I have absolutely no fears for your son – I am certain that with your wonderful example of engaging with him and introducing him to the wonders of the natural world around him, and of giving him honest answers, he is going to grow up to be a productive member of the community and someone who realises how very precious our brief span of existence is, and the joy of the evolved self-awareness that allows us to contemplate the universe and our tiny part in it.

  24. Andrew EC March 12, 2011 at 3:43 am #

    I’ve heard Purdom speak, and I’m trying to say this as gently as possible: I think she is mentally retarded.

    I don’t mean this as an offhanded insult. I’m not saying “retarded” in the (totally fair) sense that you might say anyone who believes that the earth is 6,000 years old is obviously a complete moron. No — I mean that literally, Ms. Purdom sounds profoundly mentally handicapped.

    Reading her reply to you does nothing to disabuse me of this notion.

  25. Tim R March 12, 2011 at 4:47 pm #

    Thank to PZ, I have found your humble little blog and plan to become one of your devout readers. Sounds like you and your husband are doing a great job with your son. Much like Carl Sagan’s parents, who weren’t scientists themselves but continually introduced him to science and wonder.

  26. Melissa March 14, 2011 at 7:09 pm #

    As someone who has the pleasure of personally knowing you and your son, I can attest to your post. He is more than alright…he is amazing. And so are you!

  27. Tony March 15, 2011 at 11:22 am #

    Could I ask a quick question? How do you encourage critical thinking in your child? I’m trying my best, but it wasn’t something that was encouraged when I was a child – it sor of got ‘switched on’ when I was a teenager. I have 2 young kids (2 & 5) and I can already see religious indoctrination starting to occur from some of my daughters ‘after-school’ clubs – I can’t stop her going to these as all her little friends go.

    • Cupcake March 15, 2011 at 11:39 am #

      Tony – I’m going to respond to your question in a readers’ question blog post later on today, if that is alright. I have some good suggestions for you that I think will help.

  28. Charlie March 15, 2011 at 3:30 pm #

    Great response. It always stings a little to have your parenting skills called into question, even when you don’t hold the questioner in that high of a regard. Way to stay cool in the face of an unwarranted personal attack.

  29. Robert B March 16, 2011 at 2:46 am #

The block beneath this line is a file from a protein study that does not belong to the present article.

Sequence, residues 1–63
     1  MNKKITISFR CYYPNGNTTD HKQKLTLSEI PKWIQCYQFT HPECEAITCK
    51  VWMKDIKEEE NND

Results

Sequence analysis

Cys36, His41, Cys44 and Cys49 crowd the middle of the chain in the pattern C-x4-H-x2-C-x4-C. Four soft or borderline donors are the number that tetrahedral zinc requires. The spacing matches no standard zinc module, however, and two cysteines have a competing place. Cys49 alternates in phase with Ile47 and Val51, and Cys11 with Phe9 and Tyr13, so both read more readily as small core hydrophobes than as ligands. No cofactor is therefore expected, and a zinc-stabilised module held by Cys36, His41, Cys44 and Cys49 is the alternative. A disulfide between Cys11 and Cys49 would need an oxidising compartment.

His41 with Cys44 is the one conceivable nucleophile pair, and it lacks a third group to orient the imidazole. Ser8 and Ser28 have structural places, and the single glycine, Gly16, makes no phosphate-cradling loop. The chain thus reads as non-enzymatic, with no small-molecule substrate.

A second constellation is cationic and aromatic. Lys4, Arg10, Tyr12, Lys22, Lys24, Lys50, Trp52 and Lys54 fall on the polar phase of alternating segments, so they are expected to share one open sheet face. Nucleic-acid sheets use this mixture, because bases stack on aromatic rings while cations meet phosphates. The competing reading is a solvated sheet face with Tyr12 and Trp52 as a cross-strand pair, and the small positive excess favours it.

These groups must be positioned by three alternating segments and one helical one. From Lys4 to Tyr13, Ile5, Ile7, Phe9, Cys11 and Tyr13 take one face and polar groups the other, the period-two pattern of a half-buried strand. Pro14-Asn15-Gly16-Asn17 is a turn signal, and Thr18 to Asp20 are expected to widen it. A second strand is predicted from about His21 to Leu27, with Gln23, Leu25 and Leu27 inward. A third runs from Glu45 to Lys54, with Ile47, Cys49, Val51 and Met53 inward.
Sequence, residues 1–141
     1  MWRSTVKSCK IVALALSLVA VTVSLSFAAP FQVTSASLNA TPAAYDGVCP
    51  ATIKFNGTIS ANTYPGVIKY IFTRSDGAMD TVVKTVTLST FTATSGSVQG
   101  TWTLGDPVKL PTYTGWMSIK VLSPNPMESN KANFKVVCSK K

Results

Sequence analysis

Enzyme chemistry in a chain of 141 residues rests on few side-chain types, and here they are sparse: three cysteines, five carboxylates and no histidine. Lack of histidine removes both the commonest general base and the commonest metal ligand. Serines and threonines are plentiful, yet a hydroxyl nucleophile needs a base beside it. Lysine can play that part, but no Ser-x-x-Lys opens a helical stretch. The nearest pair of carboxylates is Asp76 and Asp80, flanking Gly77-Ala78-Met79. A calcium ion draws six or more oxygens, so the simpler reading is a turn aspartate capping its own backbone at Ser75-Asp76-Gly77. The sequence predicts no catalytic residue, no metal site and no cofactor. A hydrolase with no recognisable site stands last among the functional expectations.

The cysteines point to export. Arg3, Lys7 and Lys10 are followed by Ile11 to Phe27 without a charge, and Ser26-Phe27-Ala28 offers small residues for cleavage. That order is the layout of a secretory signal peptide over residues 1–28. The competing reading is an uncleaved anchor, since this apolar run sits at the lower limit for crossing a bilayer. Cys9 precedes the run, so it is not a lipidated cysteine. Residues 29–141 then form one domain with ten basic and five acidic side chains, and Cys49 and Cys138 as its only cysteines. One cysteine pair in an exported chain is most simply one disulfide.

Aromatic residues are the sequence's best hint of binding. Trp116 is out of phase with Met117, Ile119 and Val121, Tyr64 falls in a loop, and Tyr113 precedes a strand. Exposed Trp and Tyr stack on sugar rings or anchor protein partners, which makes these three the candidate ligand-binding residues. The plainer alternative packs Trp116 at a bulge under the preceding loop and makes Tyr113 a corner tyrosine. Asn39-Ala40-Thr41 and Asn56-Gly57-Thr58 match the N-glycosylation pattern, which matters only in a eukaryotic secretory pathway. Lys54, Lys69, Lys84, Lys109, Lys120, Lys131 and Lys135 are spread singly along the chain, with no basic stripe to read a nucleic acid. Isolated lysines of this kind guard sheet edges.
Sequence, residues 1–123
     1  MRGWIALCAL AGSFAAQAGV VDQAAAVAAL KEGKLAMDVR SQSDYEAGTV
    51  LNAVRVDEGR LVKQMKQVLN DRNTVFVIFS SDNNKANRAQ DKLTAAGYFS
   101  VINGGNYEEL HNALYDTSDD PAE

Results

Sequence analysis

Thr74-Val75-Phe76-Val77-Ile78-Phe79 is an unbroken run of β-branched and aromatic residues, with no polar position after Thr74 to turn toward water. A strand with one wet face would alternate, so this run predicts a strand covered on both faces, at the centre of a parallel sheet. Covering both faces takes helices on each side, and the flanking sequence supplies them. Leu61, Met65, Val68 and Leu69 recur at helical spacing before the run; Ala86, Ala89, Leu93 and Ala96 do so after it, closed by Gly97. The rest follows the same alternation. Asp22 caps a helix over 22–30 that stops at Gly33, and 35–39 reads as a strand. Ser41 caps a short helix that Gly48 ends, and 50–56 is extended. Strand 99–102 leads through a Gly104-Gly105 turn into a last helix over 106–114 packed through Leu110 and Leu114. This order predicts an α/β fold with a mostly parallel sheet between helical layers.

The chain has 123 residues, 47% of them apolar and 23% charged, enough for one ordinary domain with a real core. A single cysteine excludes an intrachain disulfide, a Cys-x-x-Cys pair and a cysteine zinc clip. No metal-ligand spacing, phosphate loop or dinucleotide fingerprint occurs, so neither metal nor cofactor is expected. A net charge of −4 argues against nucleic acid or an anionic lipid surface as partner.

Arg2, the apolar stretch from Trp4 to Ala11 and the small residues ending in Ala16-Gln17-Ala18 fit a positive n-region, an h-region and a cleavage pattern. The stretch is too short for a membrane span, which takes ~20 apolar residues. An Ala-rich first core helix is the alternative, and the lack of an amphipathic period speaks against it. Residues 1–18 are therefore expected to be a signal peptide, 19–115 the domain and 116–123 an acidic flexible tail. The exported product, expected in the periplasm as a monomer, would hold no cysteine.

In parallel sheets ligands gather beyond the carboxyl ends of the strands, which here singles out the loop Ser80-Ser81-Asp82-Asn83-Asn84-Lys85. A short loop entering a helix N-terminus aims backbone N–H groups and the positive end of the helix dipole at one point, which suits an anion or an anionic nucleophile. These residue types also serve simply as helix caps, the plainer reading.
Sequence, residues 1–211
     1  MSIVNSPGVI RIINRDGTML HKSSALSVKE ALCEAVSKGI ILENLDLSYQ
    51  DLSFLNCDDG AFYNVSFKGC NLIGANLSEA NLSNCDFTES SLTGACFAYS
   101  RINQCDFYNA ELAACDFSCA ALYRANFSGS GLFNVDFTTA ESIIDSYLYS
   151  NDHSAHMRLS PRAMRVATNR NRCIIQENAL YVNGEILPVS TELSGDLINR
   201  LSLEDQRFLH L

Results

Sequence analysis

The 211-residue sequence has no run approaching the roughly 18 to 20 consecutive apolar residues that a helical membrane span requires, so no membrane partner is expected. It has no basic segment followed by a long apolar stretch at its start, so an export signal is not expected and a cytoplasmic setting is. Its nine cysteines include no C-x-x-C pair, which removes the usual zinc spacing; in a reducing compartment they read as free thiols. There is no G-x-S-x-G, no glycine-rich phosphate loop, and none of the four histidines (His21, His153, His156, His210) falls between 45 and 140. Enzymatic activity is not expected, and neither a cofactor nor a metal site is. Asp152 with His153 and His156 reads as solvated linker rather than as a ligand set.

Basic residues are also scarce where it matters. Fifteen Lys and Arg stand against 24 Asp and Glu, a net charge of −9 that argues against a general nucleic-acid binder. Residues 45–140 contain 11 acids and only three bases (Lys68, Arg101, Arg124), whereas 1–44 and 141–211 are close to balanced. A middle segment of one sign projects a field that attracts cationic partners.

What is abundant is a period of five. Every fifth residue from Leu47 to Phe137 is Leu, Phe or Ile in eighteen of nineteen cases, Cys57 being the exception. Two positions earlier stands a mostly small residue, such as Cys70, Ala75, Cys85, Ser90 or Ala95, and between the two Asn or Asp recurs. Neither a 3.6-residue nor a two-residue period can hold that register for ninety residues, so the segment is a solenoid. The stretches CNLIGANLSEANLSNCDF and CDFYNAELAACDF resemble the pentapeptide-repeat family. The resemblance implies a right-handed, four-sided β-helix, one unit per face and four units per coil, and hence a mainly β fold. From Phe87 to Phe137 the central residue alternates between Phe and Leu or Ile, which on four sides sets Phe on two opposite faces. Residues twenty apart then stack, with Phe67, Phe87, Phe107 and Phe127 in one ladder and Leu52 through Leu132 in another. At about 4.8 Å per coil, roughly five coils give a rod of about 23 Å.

Of course Georgia isn’t an animal. She is clearly a vegetable. 🙂

    Well written, also adding you to my reader.

  30. bookworm June 30, 2011 at 1:57 am #

    Hi, late to the party but your contributions and blog are great. Thanks. Being an ex-Christian and ex-theology lecturer myself, and once fully immersed in the evangelical tradition, my only great fear is that my 4 year old, who is ever curious and ever eager to learn, might one day turn out to be a fundy (of whatever religious persuasion)! Hopefully a large personal library and her personal curiosities will help to keep her from that hideous fate.

  31. BiochemistMom December 30, 2011 at 8:48 pm #

    …. REALLY late to this party, but so happy to have ound this blog after running a Google search for GP. It is pretty high in the search results, so rest assured that folks rummaging around the AiG staff will hit on this….

    … also: I raised two children (now 22 and 19) as an agnostic. Never took them to church once. Instead, I raised them both with love, logic and reason. They both turned out to be compassionate, caring and successful adults – the only rule I impressed on them was “Treat others as you would be treated.”

    My kids did receive a fair amount of what I would call “hassle” from fundamentalist megachurch Christian kids, many of whom were on their sports teams, in the Brownie troop, etc. My daughter was told at the age of 6 that she was “going to burn in hell” by our neighbors children. It took a couple of months for her to get over her huiliation by those kids. She’ll never forget their cruelty.

    Best of luck in your childraising; I loved every moment (well, almost) and wouldn’t have changed a thing. Especially the no-church part!